Write-in: Latecomer challenges Dorrier

Last Thursday, the same day The Hook came out with its round up of Albemarle County candidates (and the area stood braced to welcome Hurricane Isabel), Kevin Fletcher announced he was challenging Board of Supervisors chairman Lindsay Dorrier for the Scottsville Magisterial District seat.

The filing date for candidates to get on the ballot for the November 4 election was June 10. "It's very late," acknowledges Fletcher, a 38-year-old farm manager who's running as an independent.

So why run now, particularly since he isn't on the ballot and faces the additional challenge of a write-in candidacy?

"I was unaware Walter Perkins was not running," says Fletcher. "I look at him as the voice of agriculture on the Board of Supervisors. I could be that voice for people who make a living off the land."

Fletcher says he was approached by a number of people to run against Scottsville native Dorrier, who had been unopposed. "We all deserve a choice," says the challenger, who's lived in Scottsville for nine years.

"I think my chances are pretty good," Fletcher says. "Quite a few people are concerned about growth. And Lindsay is hard to get a hold of. I'm easy to reach. I live here on Route 20, and people can stop by my house if they want to discuss something."

Fletcher cites the Board decision approving Hollymead Town Center as one he might have voted against. On the other hand, he'd like to see Scottsville's empty storefronts filled to improve the tax base. "I'm in favor of nurturing small businesses. Those become big businesses, and they hire locally," he says.

Dorrier had been hearing rumors that he might have an opponent in the race, but says he's never heard of Fletcher. "I think competition is always good," he says. "This race is no exception."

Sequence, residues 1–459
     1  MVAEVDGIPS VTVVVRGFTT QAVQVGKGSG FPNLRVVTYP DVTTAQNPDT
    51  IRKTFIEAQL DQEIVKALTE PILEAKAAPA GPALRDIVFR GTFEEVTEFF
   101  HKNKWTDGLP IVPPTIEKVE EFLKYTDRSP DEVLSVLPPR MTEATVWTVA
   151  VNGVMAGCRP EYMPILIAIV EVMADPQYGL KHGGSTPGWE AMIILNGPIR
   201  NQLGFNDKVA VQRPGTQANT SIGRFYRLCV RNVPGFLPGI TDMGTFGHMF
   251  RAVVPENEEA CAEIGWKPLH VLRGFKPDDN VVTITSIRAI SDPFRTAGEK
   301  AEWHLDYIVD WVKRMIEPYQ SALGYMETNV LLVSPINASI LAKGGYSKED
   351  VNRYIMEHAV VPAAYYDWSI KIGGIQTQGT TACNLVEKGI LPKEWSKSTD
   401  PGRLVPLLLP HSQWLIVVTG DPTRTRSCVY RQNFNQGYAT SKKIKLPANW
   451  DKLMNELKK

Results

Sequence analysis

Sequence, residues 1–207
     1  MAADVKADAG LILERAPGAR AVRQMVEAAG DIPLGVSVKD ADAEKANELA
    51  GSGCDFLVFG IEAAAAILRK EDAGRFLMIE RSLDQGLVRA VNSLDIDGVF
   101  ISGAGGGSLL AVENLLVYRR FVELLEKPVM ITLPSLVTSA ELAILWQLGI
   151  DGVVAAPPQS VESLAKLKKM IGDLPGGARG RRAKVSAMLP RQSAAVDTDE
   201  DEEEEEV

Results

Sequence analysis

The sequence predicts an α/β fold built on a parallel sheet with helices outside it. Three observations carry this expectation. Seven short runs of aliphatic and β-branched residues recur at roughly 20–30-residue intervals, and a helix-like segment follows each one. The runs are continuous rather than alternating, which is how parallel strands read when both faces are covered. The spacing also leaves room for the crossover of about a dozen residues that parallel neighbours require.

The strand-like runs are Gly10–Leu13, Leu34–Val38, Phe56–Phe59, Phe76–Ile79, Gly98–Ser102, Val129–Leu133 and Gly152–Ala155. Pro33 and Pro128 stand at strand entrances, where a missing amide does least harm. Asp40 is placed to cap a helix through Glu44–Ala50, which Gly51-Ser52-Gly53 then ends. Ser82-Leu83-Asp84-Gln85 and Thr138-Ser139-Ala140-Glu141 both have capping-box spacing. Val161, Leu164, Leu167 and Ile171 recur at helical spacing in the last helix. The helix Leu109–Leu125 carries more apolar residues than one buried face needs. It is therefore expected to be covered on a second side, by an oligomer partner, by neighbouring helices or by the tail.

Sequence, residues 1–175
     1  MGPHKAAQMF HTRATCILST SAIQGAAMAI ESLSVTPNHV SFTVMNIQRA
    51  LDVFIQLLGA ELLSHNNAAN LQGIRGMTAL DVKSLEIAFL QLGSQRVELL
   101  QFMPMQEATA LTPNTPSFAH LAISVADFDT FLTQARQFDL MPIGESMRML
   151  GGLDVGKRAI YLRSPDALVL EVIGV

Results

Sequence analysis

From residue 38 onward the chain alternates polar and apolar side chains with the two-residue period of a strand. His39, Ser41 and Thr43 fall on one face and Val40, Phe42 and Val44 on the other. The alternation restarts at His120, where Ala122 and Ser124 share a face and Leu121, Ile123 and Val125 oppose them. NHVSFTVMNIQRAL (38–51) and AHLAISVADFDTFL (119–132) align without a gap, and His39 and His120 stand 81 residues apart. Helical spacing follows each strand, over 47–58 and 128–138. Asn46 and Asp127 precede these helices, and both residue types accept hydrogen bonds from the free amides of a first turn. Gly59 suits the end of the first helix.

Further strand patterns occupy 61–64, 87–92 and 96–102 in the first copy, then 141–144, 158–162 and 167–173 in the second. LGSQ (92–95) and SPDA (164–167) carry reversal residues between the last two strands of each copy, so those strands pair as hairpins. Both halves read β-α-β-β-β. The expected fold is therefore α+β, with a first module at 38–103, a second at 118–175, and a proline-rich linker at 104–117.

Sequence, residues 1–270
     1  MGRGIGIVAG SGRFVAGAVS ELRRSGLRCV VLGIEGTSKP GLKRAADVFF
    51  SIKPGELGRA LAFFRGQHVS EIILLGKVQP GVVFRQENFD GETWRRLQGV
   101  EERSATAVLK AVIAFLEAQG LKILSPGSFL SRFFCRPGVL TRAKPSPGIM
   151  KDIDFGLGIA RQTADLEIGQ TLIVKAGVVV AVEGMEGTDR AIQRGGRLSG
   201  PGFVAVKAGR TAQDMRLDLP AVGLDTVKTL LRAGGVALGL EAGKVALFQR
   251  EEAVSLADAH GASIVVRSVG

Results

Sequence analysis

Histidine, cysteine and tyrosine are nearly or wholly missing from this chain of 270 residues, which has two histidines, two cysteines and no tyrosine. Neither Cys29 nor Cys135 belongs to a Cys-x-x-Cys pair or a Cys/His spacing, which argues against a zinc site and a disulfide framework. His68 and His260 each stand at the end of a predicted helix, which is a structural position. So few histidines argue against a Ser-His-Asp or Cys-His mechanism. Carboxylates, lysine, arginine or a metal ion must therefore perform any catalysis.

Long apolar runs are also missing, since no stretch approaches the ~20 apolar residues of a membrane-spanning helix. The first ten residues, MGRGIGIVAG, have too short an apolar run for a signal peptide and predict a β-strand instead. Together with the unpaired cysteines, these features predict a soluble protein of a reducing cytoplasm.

And Dorrier doesn't underestimate the threat of a political novice mounting a write-in campaign. "I take everything seriously in a political campaign," he says.

Winning a write-in campaign for the Board of Supervisors is not without precedent. That's how Sally Thomas was first elected to the board in 1993.

Fletcher's campaign strategy is to spread the news on foot, with flyers, and by word of mouth in the six weeks before the election.

"I never heard of him," says Emery Skeen, owner of C&S Motors in Scottsville, "and I've been around here 75 years."

As for Fletcher's chances of beating incumbent Dorrier, "It's hard to unseat anybody whether they're any good or not," observes Skeen.

Over at Lumpkin's, a restaurant and a Scottsville institution, Virginia Lumpkin has never heard of Fletcher either. "He better get in here and show himself," she says.

Both Lumpkin and Skeen express concerns about Dorrier's health. "I've known Lindsay Dorrier all his life," says Lumpkin. "Physically, he is not able."

"I haven't missed a board meeting in a year and a half, and I've had no problem carrying out my duties as chairman," responds Dorrier, who has Parkinson's Disease. "My doctor says I'm fit to do the job."

Fletcher thinks the new keyboard system on voting machines will make it pretty easy for voters to write-in his name. And as late as he is in starting his campaign, he does have a motto: "Yes, Scottsville District, you have a choice."

Though many old-time Scottsvillians have never heard of him, Kevin Fletcher is launching a write-in campaign against incumbent supervisor Lindsay Dorrier, whose S-ville roots run generations deep.